Sam Darnold’s first ever NFL snap couldn’t have gone any worse.
The former USC gunslinger faked a handoff, dropped back, evaded pressure and threw an ill-advised pass across his body for running back Bilal Powell. Detroit Lions cornerback Quandre Diggs jumped the route and snatched the ball, taking the interception 37 yards to the end zone.
7-0 Lions. 0-1 Darnold.
On social media, the uproar was fast and furious.
“I’ll say it again,” Fox Sports personality Skip Bayless tweeted. “Sam Darnold was a try-too-hard turnover machine at USC and, 1st play of his NFL career, pick six. Too bad. Predictable.”
What Bayless didn’t predict was how Darnold would respond. Instead of sulking over the costly mistake, the third overall pick went to work.
Following the pick-six, Darnold completed 16 of his next 20 passes and tossed a pair of touchdowns. The Jets’ defense forced five turnovers of their own. New York would win 48-17 — the franchise’s most points scored since 2012, and its most ever on the road.
In his historic debut, Darnold displayed an uncanny level of mental toughness. He also showed why it’s a bad idea to write off young quarterbacks too early.
According to NFL Research, the last two quarterbacks to throw pick-sixes on their first career pass attempts were Brett Favre and Jameis Winston. One is a Hall of Famer. The other is currently inactive due to suspension. Darnold’s career could go in a myriad directions, but in the shining bright lights of Monday Night Football, he controlled his own destiny.
Scouts use metrics like velocity, height, hand-size and arm talent to evaluate quarterbacks. The Bills’ Josh Allen was thrust into the top 10 because of raw throwing power. Seattle’s Russell Wilson fell to the third round because he was too short.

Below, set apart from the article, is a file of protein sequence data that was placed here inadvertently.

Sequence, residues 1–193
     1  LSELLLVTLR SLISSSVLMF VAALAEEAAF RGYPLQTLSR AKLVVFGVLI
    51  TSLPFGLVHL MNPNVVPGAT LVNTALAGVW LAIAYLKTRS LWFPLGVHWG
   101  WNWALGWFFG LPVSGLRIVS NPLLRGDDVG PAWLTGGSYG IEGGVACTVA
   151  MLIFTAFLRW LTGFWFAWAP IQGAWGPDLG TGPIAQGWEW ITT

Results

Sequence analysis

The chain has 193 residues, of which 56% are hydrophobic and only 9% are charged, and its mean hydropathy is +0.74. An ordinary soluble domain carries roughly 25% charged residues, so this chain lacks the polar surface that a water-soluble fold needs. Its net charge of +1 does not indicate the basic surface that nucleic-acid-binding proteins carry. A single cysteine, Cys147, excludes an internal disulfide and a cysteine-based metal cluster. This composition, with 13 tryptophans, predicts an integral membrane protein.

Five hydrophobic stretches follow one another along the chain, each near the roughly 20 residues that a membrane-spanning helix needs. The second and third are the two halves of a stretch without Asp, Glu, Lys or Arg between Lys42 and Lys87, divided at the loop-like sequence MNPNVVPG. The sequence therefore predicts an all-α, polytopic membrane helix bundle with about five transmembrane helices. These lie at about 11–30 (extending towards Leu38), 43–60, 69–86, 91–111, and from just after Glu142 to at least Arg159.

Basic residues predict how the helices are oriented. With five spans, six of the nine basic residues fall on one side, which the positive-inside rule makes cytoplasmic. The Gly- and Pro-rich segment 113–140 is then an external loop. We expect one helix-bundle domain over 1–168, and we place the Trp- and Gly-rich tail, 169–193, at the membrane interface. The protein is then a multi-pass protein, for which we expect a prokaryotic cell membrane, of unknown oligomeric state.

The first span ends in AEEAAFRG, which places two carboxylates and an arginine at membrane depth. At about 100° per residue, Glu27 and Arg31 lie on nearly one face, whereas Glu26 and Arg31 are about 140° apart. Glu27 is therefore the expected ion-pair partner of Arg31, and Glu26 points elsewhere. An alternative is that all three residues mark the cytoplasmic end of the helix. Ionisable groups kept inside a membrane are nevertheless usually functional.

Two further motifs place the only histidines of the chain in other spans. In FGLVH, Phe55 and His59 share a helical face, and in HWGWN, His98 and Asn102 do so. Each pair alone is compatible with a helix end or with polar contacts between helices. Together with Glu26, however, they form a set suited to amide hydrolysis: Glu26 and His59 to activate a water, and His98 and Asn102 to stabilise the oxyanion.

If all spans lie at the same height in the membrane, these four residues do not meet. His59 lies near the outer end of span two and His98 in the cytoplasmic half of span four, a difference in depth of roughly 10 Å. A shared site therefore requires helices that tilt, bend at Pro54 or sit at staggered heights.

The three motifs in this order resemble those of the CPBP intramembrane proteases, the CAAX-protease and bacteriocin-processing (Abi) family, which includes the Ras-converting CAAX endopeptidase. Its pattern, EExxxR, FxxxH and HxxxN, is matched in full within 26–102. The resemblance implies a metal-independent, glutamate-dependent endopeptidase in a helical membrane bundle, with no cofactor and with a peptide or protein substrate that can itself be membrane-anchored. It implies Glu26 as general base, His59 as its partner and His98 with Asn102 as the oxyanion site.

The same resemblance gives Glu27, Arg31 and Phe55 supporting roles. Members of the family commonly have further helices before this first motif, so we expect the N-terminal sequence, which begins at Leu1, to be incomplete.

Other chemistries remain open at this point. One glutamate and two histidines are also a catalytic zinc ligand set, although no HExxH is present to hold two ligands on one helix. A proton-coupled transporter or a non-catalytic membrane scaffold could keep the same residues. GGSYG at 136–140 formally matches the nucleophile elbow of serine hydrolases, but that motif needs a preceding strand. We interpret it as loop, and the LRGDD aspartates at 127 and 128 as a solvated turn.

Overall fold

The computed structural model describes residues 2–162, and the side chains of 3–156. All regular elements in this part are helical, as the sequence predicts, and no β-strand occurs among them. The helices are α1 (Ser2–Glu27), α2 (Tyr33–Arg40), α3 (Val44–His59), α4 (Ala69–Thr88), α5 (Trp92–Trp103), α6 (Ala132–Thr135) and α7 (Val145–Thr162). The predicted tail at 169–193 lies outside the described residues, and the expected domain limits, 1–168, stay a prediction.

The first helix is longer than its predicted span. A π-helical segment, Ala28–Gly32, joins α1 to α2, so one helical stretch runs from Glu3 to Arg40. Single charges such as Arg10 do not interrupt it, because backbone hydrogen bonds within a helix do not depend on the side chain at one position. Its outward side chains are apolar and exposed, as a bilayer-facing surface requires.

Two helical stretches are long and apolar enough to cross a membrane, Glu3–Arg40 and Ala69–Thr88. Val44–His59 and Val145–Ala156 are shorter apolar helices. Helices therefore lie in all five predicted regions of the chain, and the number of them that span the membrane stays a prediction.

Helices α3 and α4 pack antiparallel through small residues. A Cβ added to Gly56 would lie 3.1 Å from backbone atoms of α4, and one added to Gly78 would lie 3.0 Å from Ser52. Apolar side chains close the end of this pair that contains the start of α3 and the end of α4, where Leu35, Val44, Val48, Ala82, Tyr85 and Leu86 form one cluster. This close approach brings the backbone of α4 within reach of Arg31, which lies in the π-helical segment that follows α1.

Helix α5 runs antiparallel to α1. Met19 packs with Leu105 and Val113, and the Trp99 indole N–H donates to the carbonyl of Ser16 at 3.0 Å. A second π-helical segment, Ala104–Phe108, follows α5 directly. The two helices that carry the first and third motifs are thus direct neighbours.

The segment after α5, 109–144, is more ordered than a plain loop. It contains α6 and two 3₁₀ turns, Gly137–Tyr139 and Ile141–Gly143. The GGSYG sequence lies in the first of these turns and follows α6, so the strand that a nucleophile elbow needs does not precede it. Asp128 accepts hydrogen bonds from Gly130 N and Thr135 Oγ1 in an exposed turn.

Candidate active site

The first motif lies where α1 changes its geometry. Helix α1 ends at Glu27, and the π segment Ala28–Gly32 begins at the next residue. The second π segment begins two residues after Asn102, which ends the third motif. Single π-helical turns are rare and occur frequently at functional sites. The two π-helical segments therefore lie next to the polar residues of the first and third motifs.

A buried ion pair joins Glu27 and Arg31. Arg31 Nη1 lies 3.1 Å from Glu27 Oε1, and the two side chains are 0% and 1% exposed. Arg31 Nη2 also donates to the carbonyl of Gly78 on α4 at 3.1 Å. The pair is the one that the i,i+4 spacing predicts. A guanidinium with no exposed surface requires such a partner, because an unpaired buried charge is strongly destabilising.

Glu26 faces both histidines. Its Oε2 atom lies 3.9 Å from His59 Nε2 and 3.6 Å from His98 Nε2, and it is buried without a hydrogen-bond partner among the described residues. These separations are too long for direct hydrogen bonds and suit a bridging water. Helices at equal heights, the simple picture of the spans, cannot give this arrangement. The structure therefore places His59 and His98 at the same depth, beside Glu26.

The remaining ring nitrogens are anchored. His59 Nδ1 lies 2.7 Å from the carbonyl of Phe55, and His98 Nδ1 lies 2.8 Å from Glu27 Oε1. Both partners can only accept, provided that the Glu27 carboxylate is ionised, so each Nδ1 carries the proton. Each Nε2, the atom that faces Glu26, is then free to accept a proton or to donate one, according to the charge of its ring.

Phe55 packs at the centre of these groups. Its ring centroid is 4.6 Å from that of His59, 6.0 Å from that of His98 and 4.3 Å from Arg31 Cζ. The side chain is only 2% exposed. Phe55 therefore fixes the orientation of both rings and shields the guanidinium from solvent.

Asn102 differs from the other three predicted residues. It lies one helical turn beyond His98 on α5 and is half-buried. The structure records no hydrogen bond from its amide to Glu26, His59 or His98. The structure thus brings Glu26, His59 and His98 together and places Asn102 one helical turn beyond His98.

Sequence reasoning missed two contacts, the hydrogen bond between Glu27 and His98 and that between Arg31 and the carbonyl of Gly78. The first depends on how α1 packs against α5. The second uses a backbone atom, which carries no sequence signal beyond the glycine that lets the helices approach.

Darnold falls somewhere in between this madness. Although he possesses the burly body of an NFL quarterback, many deride his footwork, and analysts are skeptical of the unconventional release that bogs down his prototypical arm strength.
He’s not the perfect archetype of an NFL quarterback, but Darnold’s mental fortitude separates him from the pack. It’s the same characteristic that enabled him to mount a 14-point fourth quarter comeback in the 2017 Rose Bowl and lead a game-tying drive against Texas with under a minute left. He has the it factor.
“I could sit here and tell you we planned it that way so he could get the jitters out,” said Jets head coach Todd Bowles about Darnold’s first career pass. “But we didn’t.”
On the field, Darnold’s play is either exhilarating or exasperating. For every mind-boggling interception, he’ll deliver a dazzling dime — like the 41-yard touchdown bomb he threw to Robby Anderson in the first quarter. But whatever happens on the field, he remains mentally unshakable. That bodes well for a long NFL career — more so than any 40-time or passing drill.
“It is what it is,” said Darnold, in typical laid-back fashion, of his opening mistake. “[You] put it behind you and play the game, so that’s really what I did. And I thought the whole team responded really well.”
Here are two things I enjoyed in the NFL’s opening week:
Journeyman quarterback Ryan Fitzpatrick started for the Buccaneers on Sunday, in the wake of Winston’s three-game suspension. No one expected the 35-year-old to lead Tampa Bay to a win over New Orleans. The Buccaneers entered the Big Easy as 10-point underdogs.
But Fitz Magic arrives when you least expect it. He torched the supposedly stout Saints’ defense for a career-high 417 passing yards and four total touchdowns. Tampa Bay won 48-40 in stunning fashion.
The game served as a friendly reminder to never count out Fitz. He’s experienced a mercurial career, playing for seven teams in 14 years, but he’s always capable of producing a monster game when called upon — as evidenced by his 14 career 300-yard games.
“I’m never surprised at anything I do,” Fitzpatrick said after the game.
You beautiful bearded legend.
The Cleveland Browns did the unthinkable on Sunday: They didn’t lose!
While a 21-21 tie with Pittsburgh probably wasn’t what they had in mind, I’m excited about this team going forward. Cleveland is loaded with young talent on defense. Second-year defensive end Myles Garrett terrorized the Steelers with two forced fumbles and two sacks, and rookie cornerback Denzel Ward picked off a pair of Ben Roethlisberger passes.
Shaky quarterback play from the usually reliable, if unspectacular, Tyrod Taylor hampered Cleveland’s chances in the end.
But with No. 1 overall draft pick Baker Mayfield waiting in the wings, it’s a matter of time before the Browns develop a consistent passing game.
A win is a win. But for a team with a 1-31 record over the last two seasons, a tie is also a win.
Trevor Denton is a junior majoring in broadcast and digital journalism. His column, “T-Time,” runs every other Wednesday.